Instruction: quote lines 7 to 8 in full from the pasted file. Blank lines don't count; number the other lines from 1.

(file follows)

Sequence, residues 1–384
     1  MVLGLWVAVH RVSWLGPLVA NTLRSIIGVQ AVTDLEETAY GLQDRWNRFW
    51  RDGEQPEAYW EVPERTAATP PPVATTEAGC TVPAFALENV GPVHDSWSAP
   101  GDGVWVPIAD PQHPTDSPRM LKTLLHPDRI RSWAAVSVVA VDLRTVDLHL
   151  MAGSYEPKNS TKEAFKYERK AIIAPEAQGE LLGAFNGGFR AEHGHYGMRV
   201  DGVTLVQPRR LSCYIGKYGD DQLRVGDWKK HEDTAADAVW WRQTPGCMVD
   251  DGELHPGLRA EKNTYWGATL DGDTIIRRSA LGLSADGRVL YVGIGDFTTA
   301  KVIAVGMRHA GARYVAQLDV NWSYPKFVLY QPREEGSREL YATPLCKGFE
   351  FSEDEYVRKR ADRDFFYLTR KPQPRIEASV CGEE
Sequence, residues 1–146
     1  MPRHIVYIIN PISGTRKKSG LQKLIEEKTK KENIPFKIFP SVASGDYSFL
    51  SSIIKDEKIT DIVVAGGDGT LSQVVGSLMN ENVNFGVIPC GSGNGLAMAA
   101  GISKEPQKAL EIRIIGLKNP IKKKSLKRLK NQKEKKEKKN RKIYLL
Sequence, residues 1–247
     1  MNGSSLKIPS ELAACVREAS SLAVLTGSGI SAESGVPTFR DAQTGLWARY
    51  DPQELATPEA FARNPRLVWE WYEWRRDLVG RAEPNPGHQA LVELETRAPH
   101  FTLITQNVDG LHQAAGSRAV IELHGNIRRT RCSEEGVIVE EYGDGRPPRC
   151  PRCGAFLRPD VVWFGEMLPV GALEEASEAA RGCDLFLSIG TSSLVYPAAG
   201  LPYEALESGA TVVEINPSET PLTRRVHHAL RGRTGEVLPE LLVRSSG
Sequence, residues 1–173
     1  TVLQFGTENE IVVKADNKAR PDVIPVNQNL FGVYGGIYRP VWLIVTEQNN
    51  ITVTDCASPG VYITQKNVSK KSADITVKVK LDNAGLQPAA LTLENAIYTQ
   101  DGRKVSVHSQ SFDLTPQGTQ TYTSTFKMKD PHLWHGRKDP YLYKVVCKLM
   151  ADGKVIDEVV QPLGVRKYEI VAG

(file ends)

   251  DGELHPGLRA EKNTYWGATL DGDTIIRRSA LGLSADGRVL YVGIGDFTTA
   301  KVIAVGMRHA GARYVAQLDV NWSYPKFVLY QPREEGSREL YATPLCKGFE